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who says the nome dates from the time of Sesostris, gives their number as thirty-six (I, 54), Pliny, who calls them praefecturas oppidorum (V, 9, 9), gives their number as forty-five, and some writers enumerate forty-seven. The Greeks divided Egypt into three parts-Upper, Central and Lower. Central Egypt appears to have been the district between the Thebaïd and the Delta. It was called Heptanomis, and its seven nomes were Memphites, Herakleopolites, Crocodilopolites, Aphroditopolites, Oxyrhynchites, Cynopolites and Hermopolites. The Great and the Lesser Oases were considered to be parts of Heptanomis. For the Egyptian lists of nomes see Brugsch, Dict. Géog., p. 1358 ff., and Rochemonteix, Mémoires Miss. Française, tom. X, p. 329 ff.; also see Ptolemy, Geographia, IV, 5, ed. Mercator, pp. 105-108. Modern Egypt is divided into fourteen Provinces, of which eight are in Upper and six are in Lower Egypt. Each has its own capital, which is generally situated on or quite near to the ancient capital of one of the great nomes of Ancient Egypt. Each Province is divided into districts, some of which represent the smaller nomes of Pharaonic times.

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THE NILE

It has been well said that the Nile is Egypt, and Egypt is the Nile. The Nile is the maker of Egypt, for it and its two great tributaries, the Blue Nile and the Atbarâ, have brought down the life-giving mud from Abyssinia and the Eastern Sûdân that is now the soil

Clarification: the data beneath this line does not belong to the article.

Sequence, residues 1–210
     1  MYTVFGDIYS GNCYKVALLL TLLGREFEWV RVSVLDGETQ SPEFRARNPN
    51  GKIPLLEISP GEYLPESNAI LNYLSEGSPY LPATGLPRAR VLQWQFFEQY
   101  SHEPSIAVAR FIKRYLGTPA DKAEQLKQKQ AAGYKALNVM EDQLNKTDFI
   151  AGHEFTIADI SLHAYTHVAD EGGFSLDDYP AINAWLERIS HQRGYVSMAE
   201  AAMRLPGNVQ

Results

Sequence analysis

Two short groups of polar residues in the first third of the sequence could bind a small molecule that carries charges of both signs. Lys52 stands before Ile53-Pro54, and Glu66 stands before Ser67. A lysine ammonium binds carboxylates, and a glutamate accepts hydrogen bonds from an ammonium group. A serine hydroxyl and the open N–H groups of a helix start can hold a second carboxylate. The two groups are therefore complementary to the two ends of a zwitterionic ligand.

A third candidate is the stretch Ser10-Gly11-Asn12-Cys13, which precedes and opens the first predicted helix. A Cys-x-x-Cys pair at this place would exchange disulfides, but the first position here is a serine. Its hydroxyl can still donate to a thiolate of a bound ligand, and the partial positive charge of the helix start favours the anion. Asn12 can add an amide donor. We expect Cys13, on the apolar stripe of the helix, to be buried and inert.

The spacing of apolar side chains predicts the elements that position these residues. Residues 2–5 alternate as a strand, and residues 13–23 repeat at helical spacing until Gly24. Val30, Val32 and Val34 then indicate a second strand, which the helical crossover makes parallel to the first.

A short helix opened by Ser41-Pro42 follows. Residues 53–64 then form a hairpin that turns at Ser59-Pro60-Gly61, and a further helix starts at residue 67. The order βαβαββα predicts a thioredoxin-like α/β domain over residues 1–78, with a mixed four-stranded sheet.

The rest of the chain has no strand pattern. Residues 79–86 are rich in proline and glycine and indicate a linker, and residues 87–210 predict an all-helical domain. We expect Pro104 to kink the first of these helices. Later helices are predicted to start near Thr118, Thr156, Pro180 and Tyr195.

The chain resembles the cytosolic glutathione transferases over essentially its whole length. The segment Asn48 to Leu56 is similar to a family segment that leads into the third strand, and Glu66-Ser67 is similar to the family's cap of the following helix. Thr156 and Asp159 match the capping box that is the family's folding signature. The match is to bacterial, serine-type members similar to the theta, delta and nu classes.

of Egypt. The Egyptians called the Nile Hep, &, or Ḥāp,

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the original form of the name is Ḥepr, &

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meaning, some would connect it with the root ḥāp, “to hide," and would regard Ḥep or Ḥapi as the "hidden river," but this is improbable, and the true derivation of the name is unknown. It is doubtful if the early dynastic Egyptians knew the source of the river or the real cause of the annual Inundation. Under the XIIth dynasty the existence of the Atbarâ and the Blue Nile was probably known to them, and it is possible that they may have heard of Lake Şânâ in Abyssinia and of one or two of the great Lakes in Central Africa, but the course of the White Nile must have been unknown to them. Some assume that the men of the caravans which brought copper from the copper-producing district of Tanganyika may have passed on to the Nubians information about the great Lakes that filtered down into Egypt, and this is quite possible. The origin of the Greek and Roman name Neiλos, Nilus, is, like that of the Egyptian name, unknown. The Arabs reproduce the name under the form An-Nili. Some connect "Nile” with the Hebrew and others with Nil, the plant from which indigo is derived. The god of the Nile was called Ḥāpi, and he was said to be self-begotten and to be the father of all the gods who lived in the Great World-Ocean which surrounded the world; and like other great gods, Rā, Amen, Kheperȧ, etc., he was called "One." The Nile, which watered Egypt and formed the chief source of life of the whole country, was at one period believed to come direct from the World-Ocean, and to enter Egypt through a cavity which lay between two rocks on or near the Island of Elephantine. Herodotus calls the mountains Krôphi and Môphi, which names probably represent the Egyptian words "Qer-Hapi" and Mu-Ḥāpi." Though in the famous Hymn to Ḥāpi in Sallier Papyrus II (Brit. Mus. No. 10182) it is said that figures of the god cannot be sculptured in stone, and that images of him do not exist, we find that drawings of him are given on papyri, and that there are sculptured figures

1 Aeg. Zeitschrift, Bd. 47, p. 163 ff.

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